Questions That Sustain Your Leadership
"Judge a person by their questions, rather than their answers." ~ Voltaire
Influencers question assumptions, inquire about the environment around them, and probe into the future. They have an insatiable appetite to learn, and they convert their knowledge to action at light speed.
The Value of Questions
While leaders constantly investigate their surroundings, the most important questions they ask are the ones they pose to themselves. By routinely questioning their goals, motives, and purpose leaders renew their self-identity along with their sense of perspective. Consider the following benefits of examining yourself as a leader.
1) Quality Questions Create a Quality Life
You only get answers to the questions you ask. If you won't dare to wrestle with the tough dilemmas in life, then you'll live small.
2) Focused Questions Stimulates Creative Thinking
A well-considered question penetrates to the heart of the matter and triggers new ideas and insights.
3) Honest Questions Lead to Solid Convictions.
Inquisitiveness clarifies morals and beliefs. Values are shaped when you force yourself to be truthful in answering tough questions about where you stand on key issues.
4) Correct Questions Help Us Find Ourselves and Our Mission.
Tackling life's biggest questions brings direction and meaning to life's journey. Bob Buford captures this thought in his book, The Second Half.
What is your passion? What have you achieved? What have you done uncommonly well? How are you wired? Where do you belong? What are the ‘shoulds' that have trailed you during the first half? These and other questions like them will direct you toward the self your heart longs for; they will help you discover the task for which you were especially made. Throughout your years in leadership, if you know the right questions then you will ultimately gain the right answers.
Questions I Ask Myself as a Leader
1) Am I Investing in Myself?
This question probes your commitment to personal growth. An empty glass won't refresh anyone. Before you can influence others, you need to contain something worth offering to others.
Don't be content to stockpile knowledge. Once you've ascertained a new insight or developed a skill, pass on what you've discovered. A learner builds reservoir of learning, whereas a leader becomes a river of learning for others.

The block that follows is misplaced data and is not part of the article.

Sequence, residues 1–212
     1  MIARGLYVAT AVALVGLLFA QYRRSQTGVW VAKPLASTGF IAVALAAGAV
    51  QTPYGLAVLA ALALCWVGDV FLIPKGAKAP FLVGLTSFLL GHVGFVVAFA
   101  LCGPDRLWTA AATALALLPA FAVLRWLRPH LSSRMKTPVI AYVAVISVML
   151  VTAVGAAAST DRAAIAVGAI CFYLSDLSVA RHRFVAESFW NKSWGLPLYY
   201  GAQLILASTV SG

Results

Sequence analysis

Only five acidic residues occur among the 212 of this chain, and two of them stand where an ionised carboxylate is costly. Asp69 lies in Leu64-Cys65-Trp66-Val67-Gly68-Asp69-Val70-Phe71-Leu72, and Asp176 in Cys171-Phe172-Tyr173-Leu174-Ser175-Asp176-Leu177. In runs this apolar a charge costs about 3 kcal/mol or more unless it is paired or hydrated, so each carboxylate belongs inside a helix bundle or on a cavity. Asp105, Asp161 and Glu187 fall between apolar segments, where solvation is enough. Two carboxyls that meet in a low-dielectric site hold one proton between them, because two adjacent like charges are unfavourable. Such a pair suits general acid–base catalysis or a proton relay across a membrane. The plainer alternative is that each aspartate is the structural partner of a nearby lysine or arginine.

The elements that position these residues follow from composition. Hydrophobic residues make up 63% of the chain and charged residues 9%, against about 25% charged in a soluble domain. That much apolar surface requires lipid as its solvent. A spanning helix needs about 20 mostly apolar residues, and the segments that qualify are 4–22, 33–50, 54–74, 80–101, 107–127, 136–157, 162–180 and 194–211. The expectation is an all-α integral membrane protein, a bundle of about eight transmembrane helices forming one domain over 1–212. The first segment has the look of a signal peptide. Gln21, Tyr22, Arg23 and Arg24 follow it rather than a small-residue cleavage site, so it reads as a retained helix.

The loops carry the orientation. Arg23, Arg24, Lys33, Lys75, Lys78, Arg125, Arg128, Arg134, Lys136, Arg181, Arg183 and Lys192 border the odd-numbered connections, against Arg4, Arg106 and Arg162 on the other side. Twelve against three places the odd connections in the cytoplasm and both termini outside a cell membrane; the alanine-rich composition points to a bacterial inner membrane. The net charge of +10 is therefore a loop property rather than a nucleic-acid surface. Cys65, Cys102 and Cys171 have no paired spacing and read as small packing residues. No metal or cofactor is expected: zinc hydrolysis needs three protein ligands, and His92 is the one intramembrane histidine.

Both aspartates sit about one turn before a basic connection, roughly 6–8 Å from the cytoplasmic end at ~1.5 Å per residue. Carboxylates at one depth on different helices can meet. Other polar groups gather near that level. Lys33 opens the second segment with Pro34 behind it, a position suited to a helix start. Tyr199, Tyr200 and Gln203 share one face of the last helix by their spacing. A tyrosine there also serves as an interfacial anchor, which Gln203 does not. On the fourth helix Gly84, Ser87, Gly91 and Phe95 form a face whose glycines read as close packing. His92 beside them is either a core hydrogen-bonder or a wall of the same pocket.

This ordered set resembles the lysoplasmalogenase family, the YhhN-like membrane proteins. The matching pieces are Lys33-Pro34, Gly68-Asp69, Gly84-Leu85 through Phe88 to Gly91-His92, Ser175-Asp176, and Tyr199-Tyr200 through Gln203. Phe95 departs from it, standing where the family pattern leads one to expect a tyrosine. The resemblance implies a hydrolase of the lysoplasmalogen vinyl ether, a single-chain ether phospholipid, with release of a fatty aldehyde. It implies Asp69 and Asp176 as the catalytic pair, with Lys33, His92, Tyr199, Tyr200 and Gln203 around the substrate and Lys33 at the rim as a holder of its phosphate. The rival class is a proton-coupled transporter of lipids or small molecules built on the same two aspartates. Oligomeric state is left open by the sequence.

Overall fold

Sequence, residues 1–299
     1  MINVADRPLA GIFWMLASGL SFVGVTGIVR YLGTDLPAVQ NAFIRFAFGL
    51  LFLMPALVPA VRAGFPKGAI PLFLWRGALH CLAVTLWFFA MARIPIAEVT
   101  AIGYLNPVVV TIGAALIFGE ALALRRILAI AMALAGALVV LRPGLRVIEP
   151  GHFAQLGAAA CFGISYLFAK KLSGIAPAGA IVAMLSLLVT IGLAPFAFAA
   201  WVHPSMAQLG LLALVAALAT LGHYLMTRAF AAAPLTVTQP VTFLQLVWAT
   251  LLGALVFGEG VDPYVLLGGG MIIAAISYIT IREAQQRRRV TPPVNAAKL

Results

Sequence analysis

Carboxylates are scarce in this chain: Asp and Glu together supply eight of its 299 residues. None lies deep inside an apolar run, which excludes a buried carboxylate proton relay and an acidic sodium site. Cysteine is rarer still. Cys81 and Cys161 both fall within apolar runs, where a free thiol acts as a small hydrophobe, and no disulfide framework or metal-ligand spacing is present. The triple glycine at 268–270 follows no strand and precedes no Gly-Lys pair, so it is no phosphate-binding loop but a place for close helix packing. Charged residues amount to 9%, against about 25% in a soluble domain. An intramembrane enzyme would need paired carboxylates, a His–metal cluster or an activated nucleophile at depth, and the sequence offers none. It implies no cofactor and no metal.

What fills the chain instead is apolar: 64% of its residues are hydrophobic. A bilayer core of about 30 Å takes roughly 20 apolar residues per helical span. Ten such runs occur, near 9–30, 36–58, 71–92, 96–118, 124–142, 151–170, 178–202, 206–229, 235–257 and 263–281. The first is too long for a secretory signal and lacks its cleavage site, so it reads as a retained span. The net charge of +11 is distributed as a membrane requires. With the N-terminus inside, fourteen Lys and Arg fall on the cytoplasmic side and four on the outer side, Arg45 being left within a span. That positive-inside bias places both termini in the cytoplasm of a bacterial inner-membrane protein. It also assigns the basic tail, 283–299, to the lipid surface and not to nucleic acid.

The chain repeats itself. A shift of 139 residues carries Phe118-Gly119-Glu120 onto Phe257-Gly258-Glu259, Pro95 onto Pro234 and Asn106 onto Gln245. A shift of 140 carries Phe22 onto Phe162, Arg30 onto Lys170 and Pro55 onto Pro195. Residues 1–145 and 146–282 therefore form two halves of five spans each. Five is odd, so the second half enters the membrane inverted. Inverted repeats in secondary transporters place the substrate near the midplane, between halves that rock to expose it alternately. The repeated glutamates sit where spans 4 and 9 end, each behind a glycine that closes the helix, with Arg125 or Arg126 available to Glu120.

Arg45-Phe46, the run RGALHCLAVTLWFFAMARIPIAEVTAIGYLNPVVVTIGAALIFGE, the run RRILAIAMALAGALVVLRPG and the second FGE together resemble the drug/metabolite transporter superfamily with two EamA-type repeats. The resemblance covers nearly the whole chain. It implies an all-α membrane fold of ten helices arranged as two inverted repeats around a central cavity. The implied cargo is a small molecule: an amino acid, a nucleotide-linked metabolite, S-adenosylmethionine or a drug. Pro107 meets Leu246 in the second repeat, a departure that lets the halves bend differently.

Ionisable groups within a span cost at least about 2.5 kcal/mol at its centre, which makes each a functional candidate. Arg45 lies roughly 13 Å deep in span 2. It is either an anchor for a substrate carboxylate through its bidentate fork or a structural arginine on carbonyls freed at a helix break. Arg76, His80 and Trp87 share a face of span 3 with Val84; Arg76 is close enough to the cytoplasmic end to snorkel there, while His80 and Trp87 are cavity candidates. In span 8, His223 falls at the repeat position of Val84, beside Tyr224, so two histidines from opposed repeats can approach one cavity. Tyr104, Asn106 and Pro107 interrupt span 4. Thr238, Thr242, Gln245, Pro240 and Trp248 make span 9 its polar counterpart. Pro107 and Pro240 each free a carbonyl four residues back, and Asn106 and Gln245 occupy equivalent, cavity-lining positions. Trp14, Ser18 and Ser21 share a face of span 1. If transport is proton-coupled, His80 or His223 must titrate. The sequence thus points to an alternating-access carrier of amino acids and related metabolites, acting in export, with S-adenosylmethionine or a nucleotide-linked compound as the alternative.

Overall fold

2) Am I Genuinely Interested In Others?
This question delves into motives. As J.P. Morgan cynically observed, "A man always has two reasons for doing anything - a good reason and the real reason." Since leaders are inclined to figure out situations before anyone else, they have capacity to take advantage of others. For this reason, it's essential to regularly question your motives. There's a fine line between manipulation and motivation. The former moves people for personal benefit, while the latter moves people for mutual gain.
3) Am I Doing What I Love and Loving What I Do?
This question determines passion. You will never find your passion doing work you despise. If you go to work only to fulfill processes and functions then you're in jeopardy of losing your humanity and turning into a machine. "Find your passion and follow it," is all the career advice you'll ever need. Passion gives you the edge by endowing you with more energy than others have.
4) Am I Taking Others to a Higher Level?
This question has to do with mission. Regardless of your industry, as a leader, you're in the people development business. Fulfilling your mission depends upon lifting the performance of those you lead. As Zig Ziglar says, "You can get everything in life that you want if you will just help enough other people get what they want." By adding value to those you lead, you're investing in men and women with the potential to multiply your influence exponentially.
5) Am I Taking Care of Today?
How you treat today speaks volumes about your likelihood of success. In fact, if I spent one day observing your priorities, behaviors, and interactions with people, then, with about 90% accuracy, I could let you know your leadership potential. Why would I be so certain in my judgment? Because I've learned that the secret of your success is determined by your daily agenda.
The great artist, Pablo Picasso, once remarked, "Computers are useless. They can only give you answers." I tend to agree, and I think Picasso's observation carries truth for leaders as well. Regardless of your technical skill or relational charm, you'll be inhibited as a leader until you learn the art of asking questions. Knowing how has merit, but influencers will always be the men and women who understand why.
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